Jurors determining the fate of Bill Cosby in his sexual assault
trial announced Thursday that they were deadlocked and cannot
come to a unanimous consensus,

The jury began deliberating Monday evening, and Judge Steven
O’Neill, who is presiding over the case, asked them to go back
into deliberation in another attempt to reach a consensus.

“I am required to read you an instruction. The jury foreman has
informed me that you are deadlocked,” O’Neill said. “If you are
still deadlocked, you should report that to me. If you’ve
reached a unanimous decision on some of the charges, please
report that back to me.”

If jurors are unable to reach a consensus, the judge will have
to declare a mistrial.

The jury, which had been deliberating for roughly 31
hours, is composed of four White women, six White men, one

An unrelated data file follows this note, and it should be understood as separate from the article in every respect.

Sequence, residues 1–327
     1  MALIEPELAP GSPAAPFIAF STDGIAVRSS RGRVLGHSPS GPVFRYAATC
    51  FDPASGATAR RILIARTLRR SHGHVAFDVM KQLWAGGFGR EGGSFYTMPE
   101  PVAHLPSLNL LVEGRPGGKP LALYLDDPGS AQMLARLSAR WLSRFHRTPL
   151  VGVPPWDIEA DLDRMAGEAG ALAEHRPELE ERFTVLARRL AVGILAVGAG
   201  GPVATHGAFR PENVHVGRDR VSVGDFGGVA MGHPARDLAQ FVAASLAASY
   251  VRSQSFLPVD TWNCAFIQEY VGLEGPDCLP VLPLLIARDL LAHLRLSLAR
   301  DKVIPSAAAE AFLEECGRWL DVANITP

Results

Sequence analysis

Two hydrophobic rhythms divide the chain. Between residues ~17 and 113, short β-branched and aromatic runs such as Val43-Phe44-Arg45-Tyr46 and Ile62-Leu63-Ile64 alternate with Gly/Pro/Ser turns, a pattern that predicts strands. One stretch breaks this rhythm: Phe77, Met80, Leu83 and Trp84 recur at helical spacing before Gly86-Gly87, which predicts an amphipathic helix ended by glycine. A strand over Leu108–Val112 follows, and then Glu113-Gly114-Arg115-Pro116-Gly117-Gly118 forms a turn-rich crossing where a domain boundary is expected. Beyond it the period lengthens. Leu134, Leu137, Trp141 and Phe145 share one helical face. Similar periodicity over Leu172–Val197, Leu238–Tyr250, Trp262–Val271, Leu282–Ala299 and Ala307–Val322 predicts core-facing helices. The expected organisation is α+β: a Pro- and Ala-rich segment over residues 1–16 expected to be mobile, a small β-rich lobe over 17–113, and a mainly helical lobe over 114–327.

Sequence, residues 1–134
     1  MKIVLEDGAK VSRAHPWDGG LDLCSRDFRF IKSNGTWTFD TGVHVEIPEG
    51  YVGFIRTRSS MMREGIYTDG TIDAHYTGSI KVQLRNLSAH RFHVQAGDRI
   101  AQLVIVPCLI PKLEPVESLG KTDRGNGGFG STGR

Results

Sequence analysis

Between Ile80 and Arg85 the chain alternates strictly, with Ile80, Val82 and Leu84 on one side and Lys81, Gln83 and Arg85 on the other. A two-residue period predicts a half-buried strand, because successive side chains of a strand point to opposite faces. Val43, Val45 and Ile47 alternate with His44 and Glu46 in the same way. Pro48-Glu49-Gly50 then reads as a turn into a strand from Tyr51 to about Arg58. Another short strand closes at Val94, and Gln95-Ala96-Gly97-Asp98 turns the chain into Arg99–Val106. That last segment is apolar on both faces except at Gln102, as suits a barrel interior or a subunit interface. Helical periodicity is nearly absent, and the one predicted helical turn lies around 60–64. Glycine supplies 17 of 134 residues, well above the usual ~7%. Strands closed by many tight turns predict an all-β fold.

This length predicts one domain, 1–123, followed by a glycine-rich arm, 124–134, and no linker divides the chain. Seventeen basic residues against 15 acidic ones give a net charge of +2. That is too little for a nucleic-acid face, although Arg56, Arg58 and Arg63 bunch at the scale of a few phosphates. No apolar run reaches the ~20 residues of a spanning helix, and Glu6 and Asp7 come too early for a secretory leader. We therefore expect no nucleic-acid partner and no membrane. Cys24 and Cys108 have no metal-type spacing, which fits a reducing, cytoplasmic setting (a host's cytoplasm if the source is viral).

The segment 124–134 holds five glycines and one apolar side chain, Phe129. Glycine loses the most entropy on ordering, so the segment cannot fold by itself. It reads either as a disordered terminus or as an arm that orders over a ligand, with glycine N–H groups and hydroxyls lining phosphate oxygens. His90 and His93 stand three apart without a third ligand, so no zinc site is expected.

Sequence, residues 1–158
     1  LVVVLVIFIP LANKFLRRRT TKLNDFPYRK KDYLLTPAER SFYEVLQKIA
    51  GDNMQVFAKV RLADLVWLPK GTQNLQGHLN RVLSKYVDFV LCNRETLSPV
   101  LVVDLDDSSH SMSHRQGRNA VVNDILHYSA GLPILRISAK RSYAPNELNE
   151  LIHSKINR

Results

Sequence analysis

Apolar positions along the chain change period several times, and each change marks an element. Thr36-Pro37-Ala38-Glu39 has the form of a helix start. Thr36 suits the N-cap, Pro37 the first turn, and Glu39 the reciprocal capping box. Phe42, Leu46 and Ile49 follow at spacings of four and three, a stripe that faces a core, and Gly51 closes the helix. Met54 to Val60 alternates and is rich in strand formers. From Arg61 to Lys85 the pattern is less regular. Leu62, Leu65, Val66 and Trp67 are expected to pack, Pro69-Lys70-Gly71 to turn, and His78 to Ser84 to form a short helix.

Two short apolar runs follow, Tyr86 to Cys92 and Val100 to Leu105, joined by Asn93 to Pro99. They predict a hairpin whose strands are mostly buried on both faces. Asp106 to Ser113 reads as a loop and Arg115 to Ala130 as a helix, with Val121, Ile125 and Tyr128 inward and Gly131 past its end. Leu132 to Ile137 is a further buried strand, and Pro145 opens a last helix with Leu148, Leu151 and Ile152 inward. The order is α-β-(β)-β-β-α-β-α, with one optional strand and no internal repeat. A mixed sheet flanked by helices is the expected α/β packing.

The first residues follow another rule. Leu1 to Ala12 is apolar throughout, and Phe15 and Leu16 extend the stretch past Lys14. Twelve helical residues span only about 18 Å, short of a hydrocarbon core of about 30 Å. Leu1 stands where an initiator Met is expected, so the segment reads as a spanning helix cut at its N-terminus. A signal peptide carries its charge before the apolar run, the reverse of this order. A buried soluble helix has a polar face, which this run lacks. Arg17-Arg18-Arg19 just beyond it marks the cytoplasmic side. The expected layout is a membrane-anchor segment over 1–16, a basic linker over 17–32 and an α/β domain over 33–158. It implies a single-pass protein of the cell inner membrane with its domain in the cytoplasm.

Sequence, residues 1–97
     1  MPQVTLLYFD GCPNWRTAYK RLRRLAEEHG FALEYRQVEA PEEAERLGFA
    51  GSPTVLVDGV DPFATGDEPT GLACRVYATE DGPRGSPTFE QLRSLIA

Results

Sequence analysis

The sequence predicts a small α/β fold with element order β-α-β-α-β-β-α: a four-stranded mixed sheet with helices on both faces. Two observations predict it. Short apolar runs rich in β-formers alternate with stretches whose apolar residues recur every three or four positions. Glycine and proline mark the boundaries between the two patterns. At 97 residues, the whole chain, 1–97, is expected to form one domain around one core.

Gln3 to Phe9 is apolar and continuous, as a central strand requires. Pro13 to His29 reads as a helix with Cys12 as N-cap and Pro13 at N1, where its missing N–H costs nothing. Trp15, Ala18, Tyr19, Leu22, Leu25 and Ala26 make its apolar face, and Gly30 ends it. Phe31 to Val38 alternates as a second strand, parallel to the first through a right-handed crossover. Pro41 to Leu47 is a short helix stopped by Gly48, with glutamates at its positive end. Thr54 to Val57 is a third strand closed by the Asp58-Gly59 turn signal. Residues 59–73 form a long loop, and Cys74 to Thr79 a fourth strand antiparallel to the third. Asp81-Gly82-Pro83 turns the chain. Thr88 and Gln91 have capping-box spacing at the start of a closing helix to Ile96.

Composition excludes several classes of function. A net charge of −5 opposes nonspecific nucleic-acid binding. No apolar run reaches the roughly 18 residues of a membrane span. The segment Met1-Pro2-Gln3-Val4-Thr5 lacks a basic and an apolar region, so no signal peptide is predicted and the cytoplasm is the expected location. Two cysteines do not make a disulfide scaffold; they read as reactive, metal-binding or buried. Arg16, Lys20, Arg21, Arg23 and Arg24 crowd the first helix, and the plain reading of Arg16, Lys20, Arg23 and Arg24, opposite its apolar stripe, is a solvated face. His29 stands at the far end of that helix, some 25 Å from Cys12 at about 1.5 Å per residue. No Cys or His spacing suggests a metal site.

Black man and one Black woman. The have been sequestered
in a hotel for the trial after being bused in from Allegheny
County, Pa.

The jurors have been tasked with determining whether the
79-year-old comedian is guilty of three charges of aggravated
indecent assault: assaulting Andrea  Constand without her
consent, assaulting her when she was unconscious and assaulting
her using drugs to substantially impair her ability to consent.
Prosecutors argued Cosby drugged and sexually assaulted
Constand at his home near Philadelphia in 2004. At the time,
Constand served as the director of operations for Temple
University’s women’s basketball team.

He has pleaded not guilty to the charges.

During the past week of testimony, prosecutors called 12
witnesses and presented almost no forensic evidence. Cosby,
whose attorneys only called one witness, declined to testify in
his own defense.

If found guilty, the entertainer could face up to 10 years in
prison for each charge.